How to setup ISCSI Linux

Connecting remote storage to your servers is essential task when you work with Virtualized environment like cloud or local vmware environment. There are two common ways to store data on remote location. use ISCSI or NFS share. This article explain how to setup ISCSI allowing your Linux to access remote storage.

What is ISCSI ?

It is an acronym for Internet Small Computer Systems Interface. an IP-based standard for transferring data over the network. In short, iSCSI is a block-level protocol for linking network-based storage to clients.

For example, ISCSI volume appears to the client operating system as a physical hard drive that you can install, configure. That way, your store your data in location-independent storage. for a detailed explanation check Wikipedia iSCSI.

ISCSI vs NFS

NFS and iSCSI are fundamentally different in various ways in which accessing remote storage.

Multiclient Support

For instance, NFS is built for data sharing among multiple clients. On the other hand, iSCSI is designed for a single client for each volume. Though ISCSI can provide shared multi-client storage, it requires a file system that supports that.

Speed

In old days, ISCSI provided more IO performance than NFS. However, with the rapid development in network speed, the gap isn’t noticeable anymore. If your network is 100M or 1G ISCSI, you can observe the performance difference.

File system management

Client OS manages ISCSI-disk’s File system. on the contrary, NFS service handles the file locking, and that allows very efficient concurrent access among multiple clients (for example a VMWare cluster).

ISCSI terms and Keywords

Before we setup ISCSI, We need to understand the following terms:

  • Initiator
    In simple words, the software installed in client ( in our case a Linux server) that initiates SCSI requests to the iSCSI target.
  • Target Portal:
    The IP of the device that provide ISCSI storage service.
  • Target devices
    The iSCSI storage component
  • Discovery
    The process that presents the initiator with a list of available targets
  • iqn
    An iqn (iSCSI qualified name) address is the unique identifier for a device in an iSCSI network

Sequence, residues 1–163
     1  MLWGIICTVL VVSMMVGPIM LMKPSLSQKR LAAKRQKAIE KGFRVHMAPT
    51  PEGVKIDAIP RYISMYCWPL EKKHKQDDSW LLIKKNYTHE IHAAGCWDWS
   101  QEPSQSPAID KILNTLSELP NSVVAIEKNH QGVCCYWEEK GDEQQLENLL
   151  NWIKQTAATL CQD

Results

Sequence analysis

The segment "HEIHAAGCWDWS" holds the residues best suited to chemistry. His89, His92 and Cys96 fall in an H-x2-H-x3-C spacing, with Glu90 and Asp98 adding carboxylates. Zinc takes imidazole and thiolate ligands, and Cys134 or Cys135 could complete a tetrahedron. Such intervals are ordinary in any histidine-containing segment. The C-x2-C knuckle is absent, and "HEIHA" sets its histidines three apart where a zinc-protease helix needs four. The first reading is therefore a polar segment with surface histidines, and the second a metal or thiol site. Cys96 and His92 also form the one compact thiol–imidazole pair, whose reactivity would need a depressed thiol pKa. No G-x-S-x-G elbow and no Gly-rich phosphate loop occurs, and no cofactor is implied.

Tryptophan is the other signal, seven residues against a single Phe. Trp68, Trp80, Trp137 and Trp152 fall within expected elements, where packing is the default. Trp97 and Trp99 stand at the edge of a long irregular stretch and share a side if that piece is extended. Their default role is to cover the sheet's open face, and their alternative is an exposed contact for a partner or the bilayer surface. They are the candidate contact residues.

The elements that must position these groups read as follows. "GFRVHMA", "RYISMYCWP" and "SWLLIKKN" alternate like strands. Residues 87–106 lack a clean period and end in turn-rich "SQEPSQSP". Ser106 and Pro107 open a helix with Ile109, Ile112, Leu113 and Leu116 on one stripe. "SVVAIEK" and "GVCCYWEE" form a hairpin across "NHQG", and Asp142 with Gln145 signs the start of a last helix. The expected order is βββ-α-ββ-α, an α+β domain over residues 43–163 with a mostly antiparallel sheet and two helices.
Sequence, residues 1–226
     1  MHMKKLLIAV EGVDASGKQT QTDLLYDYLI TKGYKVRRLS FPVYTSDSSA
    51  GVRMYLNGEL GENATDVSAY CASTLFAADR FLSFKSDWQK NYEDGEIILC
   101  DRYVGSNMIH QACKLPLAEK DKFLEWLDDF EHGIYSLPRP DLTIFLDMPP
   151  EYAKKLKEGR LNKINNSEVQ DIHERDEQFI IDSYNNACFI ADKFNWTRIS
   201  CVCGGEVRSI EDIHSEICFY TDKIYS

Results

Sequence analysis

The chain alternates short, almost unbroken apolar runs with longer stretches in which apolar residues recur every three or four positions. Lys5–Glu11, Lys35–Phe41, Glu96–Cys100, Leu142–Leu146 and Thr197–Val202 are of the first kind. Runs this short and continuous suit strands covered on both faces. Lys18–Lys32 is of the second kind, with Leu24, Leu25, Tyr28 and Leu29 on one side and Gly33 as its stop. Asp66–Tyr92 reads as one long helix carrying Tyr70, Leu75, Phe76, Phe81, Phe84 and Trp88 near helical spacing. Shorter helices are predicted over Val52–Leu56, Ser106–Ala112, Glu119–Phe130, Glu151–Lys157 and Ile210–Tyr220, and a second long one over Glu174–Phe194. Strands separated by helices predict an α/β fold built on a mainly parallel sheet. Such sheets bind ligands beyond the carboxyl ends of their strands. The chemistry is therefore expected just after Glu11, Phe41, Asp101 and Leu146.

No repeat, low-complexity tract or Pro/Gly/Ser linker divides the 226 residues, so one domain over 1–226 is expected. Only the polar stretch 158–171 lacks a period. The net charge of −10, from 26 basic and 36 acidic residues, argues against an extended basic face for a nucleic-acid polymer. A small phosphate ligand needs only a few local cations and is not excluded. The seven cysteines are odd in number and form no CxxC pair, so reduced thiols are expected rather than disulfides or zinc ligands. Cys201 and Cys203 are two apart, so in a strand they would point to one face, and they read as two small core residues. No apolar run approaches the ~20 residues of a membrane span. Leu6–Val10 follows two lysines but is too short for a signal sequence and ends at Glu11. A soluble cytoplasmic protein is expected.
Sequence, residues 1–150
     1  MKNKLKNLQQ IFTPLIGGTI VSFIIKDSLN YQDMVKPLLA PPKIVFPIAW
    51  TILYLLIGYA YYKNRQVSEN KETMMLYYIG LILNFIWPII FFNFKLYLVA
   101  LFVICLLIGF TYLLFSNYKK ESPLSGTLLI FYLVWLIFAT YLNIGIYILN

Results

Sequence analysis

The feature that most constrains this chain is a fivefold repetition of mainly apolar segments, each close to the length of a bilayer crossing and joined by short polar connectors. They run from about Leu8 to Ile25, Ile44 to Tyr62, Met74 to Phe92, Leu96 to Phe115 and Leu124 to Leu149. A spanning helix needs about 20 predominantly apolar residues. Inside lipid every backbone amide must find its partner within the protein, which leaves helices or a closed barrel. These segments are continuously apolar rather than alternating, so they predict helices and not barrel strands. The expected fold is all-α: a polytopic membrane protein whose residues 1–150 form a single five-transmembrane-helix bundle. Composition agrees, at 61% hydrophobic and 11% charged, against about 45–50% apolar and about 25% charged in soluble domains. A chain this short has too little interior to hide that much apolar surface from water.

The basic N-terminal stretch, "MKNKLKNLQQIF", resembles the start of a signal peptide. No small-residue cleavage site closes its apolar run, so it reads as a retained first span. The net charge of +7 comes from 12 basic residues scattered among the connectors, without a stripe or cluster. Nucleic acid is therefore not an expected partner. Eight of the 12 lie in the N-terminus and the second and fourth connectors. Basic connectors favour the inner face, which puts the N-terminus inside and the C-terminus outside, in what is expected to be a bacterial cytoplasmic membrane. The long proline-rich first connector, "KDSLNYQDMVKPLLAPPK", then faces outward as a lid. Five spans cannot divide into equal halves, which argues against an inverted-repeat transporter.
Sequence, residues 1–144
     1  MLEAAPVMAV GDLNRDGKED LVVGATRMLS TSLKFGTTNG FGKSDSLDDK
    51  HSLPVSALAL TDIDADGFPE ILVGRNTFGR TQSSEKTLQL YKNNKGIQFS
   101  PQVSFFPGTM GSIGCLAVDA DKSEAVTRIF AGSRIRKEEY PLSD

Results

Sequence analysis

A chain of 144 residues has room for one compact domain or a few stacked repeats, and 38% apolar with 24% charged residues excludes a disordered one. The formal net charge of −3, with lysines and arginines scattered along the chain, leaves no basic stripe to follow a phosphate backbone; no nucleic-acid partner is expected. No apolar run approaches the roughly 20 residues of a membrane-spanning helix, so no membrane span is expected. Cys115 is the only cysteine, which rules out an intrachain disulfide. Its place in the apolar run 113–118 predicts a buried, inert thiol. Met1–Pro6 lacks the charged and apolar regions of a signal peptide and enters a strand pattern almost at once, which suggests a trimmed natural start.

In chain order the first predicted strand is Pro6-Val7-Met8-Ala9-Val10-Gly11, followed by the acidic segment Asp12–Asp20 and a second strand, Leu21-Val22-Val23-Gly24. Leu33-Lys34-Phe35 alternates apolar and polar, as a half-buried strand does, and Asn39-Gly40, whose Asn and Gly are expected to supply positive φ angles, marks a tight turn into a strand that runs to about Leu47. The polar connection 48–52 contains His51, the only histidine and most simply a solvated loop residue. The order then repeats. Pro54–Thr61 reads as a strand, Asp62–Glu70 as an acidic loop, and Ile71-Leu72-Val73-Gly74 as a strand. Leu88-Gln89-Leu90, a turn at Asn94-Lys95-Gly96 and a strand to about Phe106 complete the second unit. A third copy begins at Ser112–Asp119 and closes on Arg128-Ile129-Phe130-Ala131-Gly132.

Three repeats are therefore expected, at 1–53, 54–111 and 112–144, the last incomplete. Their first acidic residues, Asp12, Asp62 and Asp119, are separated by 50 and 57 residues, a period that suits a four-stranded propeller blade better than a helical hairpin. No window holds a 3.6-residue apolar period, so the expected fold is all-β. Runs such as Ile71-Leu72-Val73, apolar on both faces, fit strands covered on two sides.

Setup ISCSI on Linux

to enable ISCSI on Debian you need to install the open-iscsi package. in addition to, telnet to check connectivity between the two devices.

apt install -y open-iscsi
apt install -y telnet

Configure ISCSI on Linux

In our scenario, the Network-storage has multiple IPs. therefore, to set up ISCSI on our Linux server successfully.

First, check the connectivity between your server and ISCSI provided by using ping, telnet. So, use ping to check connectivity and telnet command to check port reachability. iSCSI normally uses TCP ports 860 and 3260

# ping STORAGE-IP 

# telnet STORAGE-IP 3260

Second, query ISCSI portal about the available services (target). repeat it with the number of NAS IPs

iscsiadm -m discovery -p 193.168.1.101 -t st
iscsiadm -m discovery -p 193.168.2.101 -t st
iscsiadm -m discovery -p 193.168.1.102 -t st
iscsiadm -m discovery -p 193.168.2.102 -t st

Third, Create a session by login into the storage portal IPs.

iscsiadm -m node -l all

Troubleshooting ISCSI

To delete /cleanup discovery Portals. In case of adding wrong IP or NAS IPs has changed. execute the following command and adjust it to the portal IP you want to remove.

iscsiadm -m discovery -o delete -p 193.168.1.101

List assigned LUNs

iscsiadm -m session  -P 3

If the server can not connect to storage check the network side first, then try:

sudo iscsiadm -m session -o show

restarting the services to make mount automated

sudo systemctl enable open-iscsi
sudo systemctl start open-iscsi

OR

sudo systemctl enable iscsi

sudo systemctl start iscsi

Check if iface is hardcoded by removing files in the following folder

/etc/iscsi/ifaces/
 

EXAMPLE OF iscsi.conf 

/etc/iscsi/iscsid.conf
iscsid.startup = /usr/sbin/iscsid
node.startup = automatic
node.leading_login = Yes
node.session.auth.authmethod = CHAP
node.session.auth.username = iqn.1993-08.org.debian:01:5da1cee3df7b
node.session.auth.password = mfcctv01iscsi
discovery.sendtargets.auth.authmethod = CHAP
discovery.sendtargets.auth.username = iqn.1993-08.org.debian:01:5da1cee3df7b
discovery.sendtargets.auth.password = mfcctv01iscsi
node.session.timeo.replacement_timeout = 120
node.conn[0].timeo.login_timeout = 15
node.conn[0].timeo.logout_timeout = 15
node.conn[0].timeo.noop_out_interval = 5
node.conn[0].timeo.noop_out_timeout = 5
node.session.err_timeo.abort_timeout = 15
node.session.err_timeo.lu_reset_timeout = 30
node.session.err_timeo.tgt_reset_timeout = 30
node.session.initial_login_retry_max = 8
node.session.cmds_max = 128
node.session.queue_depth = 32
node.session.xmit_thread_priority = -20
node.session.iscsi.InitialR2T = No
node.session.iscsi.ImmediateData = Yes
node.session.iscsi.FirstBurstLength = 262144
node.session.iscsi.MaxBurstLength = 16776192
node.conn[0].iscsi.MaxRecvDataSegmentLength = 262144
node.conn[0].iscsi.MaxXmitDataSegmentLength = 0
discovery.sendtargets.iscsi.MaxRecvDataSegmentLength = 32768
node.session.nr_sessions = 1
node.session.iscsi.FastAbort = Yes